Seventeen people signed the petition.

Marvin Howard, scoutmaster of Ocracoke’s mounted Boy Scout Troop #290, was successful in allowing a remnant herd of banker ponies to remain on the island. Marvin, with help from the boy scouts, constructed the first pony pen on National Park Service land. All remaining free-ranging livestock was removed from the island.




Already it is nearing the end of July!  Summertime, of course, brings many people to Ocracoke for swimming, fishing, boating and just plain relaxing.

In addition to the regular appeal of a summer vacation on Ocracoke, July 4 has become a favorite time for many folks to come to the island to celebrate our nation’s independence.  This year our community again hosted a number of special events guaranteed to be remembered.

The day began with a flag raising ceremony at the Ocracoke school.  Immediately afterwards the focus shifted to the “life guard” beach for our annual sand sculpture contest.  As usual many outstanding artists joined the fun to create some spectacular entries.  If you’ve never visited during this summer holiday you can only imagine the variety of unusual, but short-lived, creations.

Here are a couple of my favorites.

Reclining Beach Beauty

Sand Dragon

By mid-morning our attentions were turned to the heavens for the sky-diving demonstration by “The Herd.”  Then Ocracoke’s favorite pirate, Blackbeard, came to life with a one-man show performed by Ben Cherry.

Throughout the day Jimmy’s Garage hosted a classic car show and the National Park Service kept the Ocracoke Lighthouse open for public viewing.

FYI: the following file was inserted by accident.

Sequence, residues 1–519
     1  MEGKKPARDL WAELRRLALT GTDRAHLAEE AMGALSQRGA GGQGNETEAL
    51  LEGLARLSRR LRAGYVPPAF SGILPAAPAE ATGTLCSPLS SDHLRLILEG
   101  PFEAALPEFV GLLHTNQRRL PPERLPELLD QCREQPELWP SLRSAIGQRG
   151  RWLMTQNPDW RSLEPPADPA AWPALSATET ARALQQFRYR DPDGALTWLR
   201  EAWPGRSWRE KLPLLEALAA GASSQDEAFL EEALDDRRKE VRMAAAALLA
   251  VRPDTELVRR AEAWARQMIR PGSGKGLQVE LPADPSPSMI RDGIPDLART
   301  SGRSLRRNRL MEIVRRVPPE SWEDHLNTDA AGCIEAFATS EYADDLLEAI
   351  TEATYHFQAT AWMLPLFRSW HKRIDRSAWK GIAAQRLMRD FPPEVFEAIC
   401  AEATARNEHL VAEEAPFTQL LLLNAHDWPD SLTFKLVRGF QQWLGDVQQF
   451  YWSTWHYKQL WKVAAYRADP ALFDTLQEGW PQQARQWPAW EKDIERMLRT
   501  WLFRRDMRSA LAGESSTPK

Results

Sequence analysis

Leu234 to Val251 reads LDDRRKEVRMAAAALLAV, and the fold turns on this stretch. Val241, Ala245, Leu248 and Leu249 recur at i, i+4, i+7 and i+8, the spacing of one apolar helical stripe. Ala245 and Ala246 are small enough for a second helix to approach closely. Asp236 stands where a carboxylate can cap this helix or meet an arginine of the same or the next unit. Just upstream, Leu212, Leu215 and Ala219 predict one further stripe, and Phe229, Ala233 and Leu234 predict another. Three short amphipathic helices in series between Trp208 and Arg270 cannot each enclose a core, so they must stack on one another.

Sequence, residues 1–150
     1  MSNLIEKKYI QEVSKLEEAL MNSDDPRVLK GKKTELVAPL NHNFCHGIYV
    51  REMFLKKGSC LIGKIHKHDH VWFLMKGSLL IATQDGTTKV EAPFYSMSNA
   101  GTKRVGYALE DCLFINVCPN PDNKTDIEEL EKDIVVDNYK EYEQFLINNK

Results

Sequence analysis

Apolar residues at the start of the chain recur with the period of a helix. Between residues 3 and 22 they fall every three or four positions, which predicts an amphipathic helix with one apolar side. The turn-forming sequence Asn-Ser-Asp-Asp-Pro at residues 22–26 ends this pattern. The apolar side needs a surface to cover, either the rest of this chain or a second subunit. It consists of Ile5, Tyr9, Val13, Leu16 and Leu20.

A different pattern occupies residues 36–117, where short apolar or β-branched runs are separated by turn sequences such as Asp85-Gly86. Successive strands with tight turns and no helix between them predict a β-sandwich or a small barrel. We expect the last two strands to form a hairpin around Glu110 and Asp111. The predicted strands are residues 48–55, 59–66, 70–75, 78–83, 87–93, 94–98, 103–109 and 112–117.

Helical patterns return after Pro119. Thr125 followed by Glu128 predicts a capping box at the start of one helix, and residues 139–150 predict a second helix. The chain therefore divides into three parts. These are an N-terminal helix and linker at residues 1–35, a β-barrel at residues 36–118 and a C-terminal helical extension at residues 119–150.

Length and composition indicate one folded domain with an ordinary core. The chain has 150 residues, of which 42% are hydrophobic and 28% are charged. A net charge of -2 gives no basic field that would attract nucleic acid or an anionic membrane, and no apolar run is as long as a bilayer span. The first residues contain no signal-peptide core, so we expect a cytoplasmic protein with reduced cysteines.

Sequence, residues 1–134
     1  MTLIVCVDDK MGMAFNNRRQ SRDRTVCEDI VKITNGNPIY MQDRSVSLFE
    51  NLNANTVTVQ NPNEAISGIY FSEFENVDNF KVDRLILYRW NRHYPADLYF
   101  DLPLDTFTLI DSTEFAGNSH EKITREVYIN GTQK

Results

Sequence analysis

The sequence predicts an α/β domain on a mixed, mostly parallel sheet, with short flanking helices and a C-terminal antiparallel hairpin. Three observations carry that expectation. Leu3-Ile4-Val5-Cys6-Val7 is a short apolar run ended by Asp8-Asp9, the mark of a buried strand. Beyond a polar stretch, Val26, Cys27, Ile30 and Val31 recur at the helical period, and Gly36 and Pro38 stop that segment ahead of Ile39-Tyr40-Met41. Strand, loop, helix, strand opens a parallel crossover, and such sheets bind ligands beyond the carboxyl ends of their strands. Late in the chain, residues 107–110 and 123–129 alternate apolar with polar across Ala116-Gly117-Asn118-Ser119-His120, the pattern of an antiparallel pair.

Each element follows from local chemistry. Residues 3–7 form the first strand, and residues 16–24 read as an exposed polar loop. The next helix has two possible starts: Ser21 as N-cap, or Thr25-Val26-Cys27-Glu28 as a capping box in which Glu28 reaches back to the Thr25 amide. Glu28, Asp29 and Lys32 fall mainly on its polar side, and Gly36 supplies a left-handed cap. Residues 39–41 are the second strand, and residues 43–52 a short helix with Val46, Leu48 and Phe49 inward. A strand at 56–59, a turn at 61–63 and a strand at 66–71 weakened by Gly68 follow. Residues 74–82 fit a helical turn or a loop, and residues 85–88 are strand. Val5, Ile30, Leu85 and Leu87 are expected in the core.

In the mid-1950’s, before tourism mushroomed on the island, local folks celebrated Independence Day with a funky, down-home parade that wound through the village on the narrow concrete road that the Navy had paved a decade earlier.

That tradition is kept alive with our present-day parade that boasts several dozen home-made floats and numerous off-beat costumes.  The streets were lined with spectators, and businesses closed just to watch the parade.

Local fishermen protest Anheuser-Busch’s policies to undermine commercial fishing:
Boat Float

Blackbeard is assisted by the USCG:
Blackbeard On Float

Patriotic bike riders abound:
patriotic bike

Island themes predominate:
Hot Monkey

The day’s festivities ended with a memorable fireworks display launched from the “ditch,” the entrance to Silver Lake.  Visible from anyplace you could see the sunset, it lit up the night sky with an impressive light show for the better part of an hour.

If you plan to visit the island next year during the July 4th holidays be sure to make reservations!

The rest of this month has been mostly hot and dry, a perfect time for a cooling dip in the ocean.  But please remember to be careful when swimming in the ocean.  Sadly, several people have drowned already on the Outer Banks this year.  The National Park Service provides helpful information about rip currents that is available at the visitor’s center and at the lifeguard beach.  Please take a few moments to read it.

Until next time, all of the staff at Village Craftsmen send you our wishes for a wonderful summer and we hope to see you soon on the island.